He remains a “quarterback” but not under center. Instead, he’s a “quarterback of the defense” as a safety. The 6-foot-3 and 175-pound Williams had 61 tackles and two interceptions as a junior. He was a unanimous Class 4 first-team, all-state selection by Missouri Media and Missouri Football Coaches Association.
“I love playing defense,” Williams said. “I feel like a quarterback of the defense.”
Coach Bob Bunton said, “He’s like a coach on the field. He’s very intelligent. He knows the game.”
Certainly, Williams is well regarded. Considered a four-star recruit by all major college scouting services, Williams has his pick of schools where he might play. Missouri, Oklahoma, Alabama, LSU and Nebraska are the schools with whom he keeps in closest contact. He visited Alabama at the end of June. Oklahoma has recruited him and can give him a teammate he knows well – Michael Thompson, who graduated from Parkway North in June.
Missouri has signed many Parkway North players, and Williams said he has good relationships with the coaching staffs at Nebraska and LSU. So it’s anyone’s guess where he’ll end up.
“He’s everything you want in an athlete,” Bunton said. “I really believe you’ll see Jalani playing on Sundays in the future.”
For now, Williams does not appear to be in a hurry to make a decision.
“I had 32 offers,” he said of the schools recruiting him. “It gets overwhelming at times. It’s mind-blowing to be in this position.” He said he might announce his decision at the school’s Homecoming pep rally on Oct. 12. “I’ll just put on the hat of the school I choose at the rally,” he said.
He’ll enroll in that school for the January term after graduating early this December. He plans to study either sports medicine or business. But first, there is this season to play. His goal is to stay healthy and lead the team to a winning season.
“We want to make sure a season like last year doesn’t happen again,” Williams said. The Vikings finished the regular season 5-6 and tied for last place in the Suburban XII Conference South Division. “We’ll go game by game and try to win every game.”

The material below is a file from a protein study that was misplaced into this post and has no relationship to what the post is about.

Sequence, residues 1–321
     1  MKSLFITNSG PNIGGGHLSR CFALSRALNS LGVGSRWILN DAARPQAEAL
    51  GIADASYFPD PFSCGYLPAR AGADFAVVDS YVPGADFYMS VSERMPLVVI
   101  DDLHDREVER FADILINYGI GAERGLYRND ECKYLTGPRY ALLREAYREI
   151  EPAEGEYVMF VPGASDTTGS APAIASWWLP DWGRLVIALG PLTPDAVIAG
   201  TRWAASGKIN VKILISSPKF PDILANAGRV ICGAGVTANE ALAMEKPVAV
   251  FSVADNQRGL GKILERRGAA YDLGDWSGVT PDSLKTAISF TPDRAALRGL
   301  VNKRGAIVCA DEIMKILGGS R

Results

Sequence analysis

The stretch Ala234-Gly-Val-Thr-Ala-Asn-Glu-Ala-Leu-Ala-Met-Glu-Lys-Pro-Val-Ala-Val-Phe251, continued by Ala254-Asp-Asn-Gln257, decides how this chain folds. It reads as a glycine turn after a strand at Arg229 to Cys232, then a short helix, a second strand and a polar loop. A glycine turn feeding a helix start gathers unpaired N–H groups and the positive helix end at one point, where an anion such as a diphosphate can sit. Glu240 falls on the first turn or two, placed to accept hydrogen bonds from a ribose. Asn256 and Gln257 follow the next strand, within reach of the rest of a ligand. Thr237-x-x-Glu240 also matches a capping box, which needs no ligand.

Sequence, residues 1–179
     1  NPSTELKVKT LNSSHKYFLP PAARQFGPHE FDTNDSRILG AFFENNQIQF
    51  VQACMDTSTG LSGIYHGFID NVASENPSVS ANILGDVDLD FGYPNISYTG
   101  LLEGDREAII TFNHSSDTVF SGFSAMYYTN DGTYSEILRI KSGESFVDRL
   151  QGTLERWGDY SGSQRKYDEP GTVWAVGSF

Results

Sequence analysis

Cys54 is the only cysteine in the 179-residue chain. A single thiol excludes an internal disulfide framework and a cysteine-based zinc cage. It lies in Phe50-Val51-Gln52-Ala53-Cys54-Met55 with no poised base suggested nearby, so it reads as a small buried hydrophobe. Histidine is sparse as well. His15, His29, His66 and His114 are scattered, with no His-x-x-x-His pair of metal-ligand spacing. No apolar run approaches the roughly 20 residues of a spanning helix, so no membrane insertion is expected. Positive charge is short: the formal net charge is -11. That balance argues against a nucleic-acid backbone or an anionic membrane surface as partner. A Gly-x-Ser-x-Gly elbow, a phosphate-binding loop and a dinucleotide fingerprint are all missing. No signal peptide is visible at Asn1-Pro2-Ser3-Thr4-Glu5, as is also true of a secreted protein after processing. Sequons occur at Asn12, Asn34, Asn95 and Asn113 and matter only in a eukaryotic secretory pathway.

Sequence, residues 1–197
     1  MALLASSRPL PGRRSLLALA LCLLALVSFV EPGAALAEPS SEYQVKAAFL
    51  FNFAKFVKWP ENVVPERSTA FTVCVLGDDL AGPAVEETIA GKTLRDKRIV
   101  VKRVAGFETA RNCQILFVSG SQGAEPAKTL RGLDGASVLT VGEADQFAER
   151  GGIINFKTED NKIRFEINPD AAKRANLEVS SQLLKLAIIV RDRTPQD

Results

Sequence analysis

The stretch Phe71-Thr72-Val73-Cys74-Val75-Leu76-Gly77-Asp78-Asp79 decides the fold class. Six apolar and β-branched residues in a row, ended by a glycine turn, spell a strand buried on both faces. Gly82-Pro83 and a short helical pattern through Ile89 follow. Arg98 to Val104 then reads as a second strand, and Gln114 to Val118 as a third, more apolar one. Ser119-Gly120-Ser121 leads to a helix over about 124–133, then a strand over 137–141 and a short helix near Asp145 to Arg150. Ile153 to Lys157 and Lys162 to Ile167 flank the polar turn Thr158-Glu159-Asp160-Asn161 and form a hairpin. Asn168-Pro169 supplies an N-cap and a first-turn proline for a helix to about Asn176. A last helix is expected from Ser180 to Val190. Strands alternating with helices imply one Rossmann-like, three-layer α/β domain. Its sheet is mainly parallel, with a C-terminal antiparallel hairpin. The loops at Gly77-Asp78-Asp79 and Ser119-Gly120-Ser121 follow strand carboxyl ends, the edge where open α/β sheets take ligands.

Williams had surgery, last Jan. 31, on his right shoulder to repair a torn labrum. He underwent physical therapy twice a week every week after the surgery. He was cleared for all activity three weeks ago. Unable to pinpoint exactly when the injury happened, he knew something was up in the second game last season. But that’s all behind him now.
“I can’t wait to play again,” Williams said.
Ironically, his Viking varsity career began with an injury when quarterback Luke Hertzler was injured in the third game of the season. Hertzler now plays football at Missouri S&T.
“We were winning and I came in and sparked the team with my two big runs in that game,” Williams recalled. “I played quarterback the rest of the season on offense.”Williams completed 49 of 103 passes for 696 yards and four touchdowns. He also ran for 114 yards on 33 carries.
“I give myself about a B as a quarterback,” he said. “I helped lead us to a 7-4 season.”
Bunton was impressed with how Williams handled everything.
“He was great,” Bunton said. “He got thrown into the fire. Athletically, we were able to run the ball more with him than with other quarterbacks. He took command.”
As a sophomore, Williams went back to safety. He can use all his athletic ability there, including his speed, which he also relies on when competing in track for the Vikings. He won at state as a sophomore in the 110 hurdles. He finished in 14.26 seconds for the fastest 110-hurdle time in the state in 2017.
Last season was a breakthrough year for him in football. He recorded 61 tackles and picked off two passes. To prepare for competition, he watches game films.
“It’s like watching TV for me. I love it,” Williams said. “You’re making a cheat sheet for the game. You know what’s going on because you’ve watched the film. You narrow down the options and know what [the opposing team] might do.”
It’s not surprising that Williams will be a team captain again this fall.
“He’s a quiet leader,” Bunton said. “I call him ‘the quiet assassin.’ He may be one of the most soft-spoken kids in our school. He’s a great student. He’s everything you’d want in a kid to coach.
“The other kids respect him. He says very little, but he’s very intense and works very hard.”